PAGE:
Imagine starting your school day off in a blazer, standing up in class with your classmates, and saying the Hail Mary. After praying, you can finally take off your jacket, and then it’s time for some light reading from a 14th-century English romance book, Sir Gawain and the Green Knight. It sounds a little strange to me, but for the boys who attend the Heights School in Washington, D.C., this is a completely normal day.
The Heights School is a conservative private school for boys in grades 3-12 in the nation’s capital that is affiliated with Opus Dei, a sect of the Catholic Church. It was founded in 1969 and has quickly become very popular among conservative Catholics, like politician Rick Santorum, who sent two of his sons to the school.
“I’ve got just one job as a dad,” said Pat Kilner, a father of nine who has sent his four sons to the Heights School. “And that’s to get these kids, who are gifts to me, to heaven, so they can be in the eternal presence of the Lord. And none of my kids has left the church.”
Unlike at some other Catholic schools, the curriculum at the Heights School follows the pope’s messages on controversial topics like contraception and abortion to the letter.
Linda Maher is the school’s director of communications. She also sent her two sons to the school. Maher was shocked when she met another mother at a swim meet who gave her child condoms in his Christmas stocking.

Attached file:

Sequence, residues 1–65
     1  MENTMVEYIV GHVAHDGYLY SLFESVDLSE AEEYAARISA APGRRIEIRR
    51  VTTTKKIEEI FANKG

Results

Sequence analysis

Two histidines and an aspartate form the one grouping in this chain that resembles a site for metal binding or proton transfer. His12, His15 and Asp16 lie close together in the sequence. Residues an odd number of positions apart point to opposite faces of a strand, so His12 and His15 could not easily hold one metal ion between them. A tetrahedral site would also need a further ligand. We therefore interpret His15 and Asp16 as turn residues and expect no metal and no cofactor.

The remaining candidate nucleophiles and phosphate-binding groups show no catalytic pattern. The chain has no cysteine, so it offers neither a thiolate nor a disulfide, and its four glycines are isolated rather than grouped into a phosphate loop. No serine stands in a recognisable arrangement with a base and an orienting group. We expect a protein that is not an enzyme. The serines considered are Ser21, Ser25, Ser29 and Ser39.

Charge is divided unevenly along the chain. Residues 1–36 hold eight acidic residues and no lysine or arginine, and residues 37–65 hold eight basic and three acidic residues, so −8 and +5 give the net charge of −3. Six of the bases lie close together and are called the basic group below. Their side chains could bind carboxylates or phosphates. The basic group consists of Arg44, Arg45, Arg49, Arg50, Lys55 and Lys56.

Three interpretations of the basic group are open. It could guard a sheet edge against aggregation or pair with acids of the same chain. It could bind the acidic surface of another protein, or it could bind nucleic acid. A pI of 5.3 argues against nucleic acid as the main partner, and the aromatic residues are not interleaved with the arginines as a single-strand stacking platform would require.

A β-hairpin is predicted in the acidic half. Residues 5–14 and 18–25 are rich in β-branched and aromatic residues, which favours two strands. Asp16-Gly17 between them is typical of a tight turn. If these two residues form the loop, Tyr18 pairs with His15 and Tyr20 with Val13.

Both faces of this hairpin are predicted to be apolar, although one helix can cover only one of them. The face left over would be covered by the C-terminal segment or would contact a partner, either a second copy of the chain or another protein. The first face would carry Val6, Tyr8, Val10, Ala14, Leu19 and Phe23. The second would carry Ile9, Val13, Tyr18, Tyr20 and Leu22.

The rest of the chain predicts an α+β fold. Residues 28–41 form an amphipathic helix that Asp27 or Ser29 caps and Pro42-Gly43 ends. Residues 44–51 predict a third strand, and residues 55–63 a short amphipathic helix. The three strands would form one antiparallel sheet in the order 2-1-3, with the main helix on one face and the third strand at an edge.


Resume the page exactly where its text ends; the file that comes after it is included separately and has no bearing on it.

“Talking with other mothers, we shared a hope our sons would remain chaste until marriage,” Maher said. “I found it comforting to find other mothers who shared that ideal, and who felt it was possible here, that it was hope that was supported here.”
As mentioned above, the Heights School is affiliated with Opus Dei. If you have read The Da Vinci Code by Dan Brown, then you probably think of this religious group as being complete whack-jobs. However, the truth is that the group is made up of normal people who follow an intense daily prayer regimen but participate in normal, day-to-day life.
So are students who attend the Heights School expected to pledge a life of loyalty to Opus Dei? Not at all. In fact, only one student has joined the religious group and pledged lifelong celibacy, according to Father Gerald Kolf, the school’s chaplain.
“The thing that struck me is the normality of the place,” said John Allen, Jr., the author of Opus Dei, a book that offers a study of the religious group. However, there was not much political diversity among the students. “It was 2004, I was walking around the parking lot at the Heights and I counted bumper stickers: 53 Bush to 1 for Kerry.”
Well, what else should you expect from an extremely conservative school in Washington, D.C.?
Via The New York Times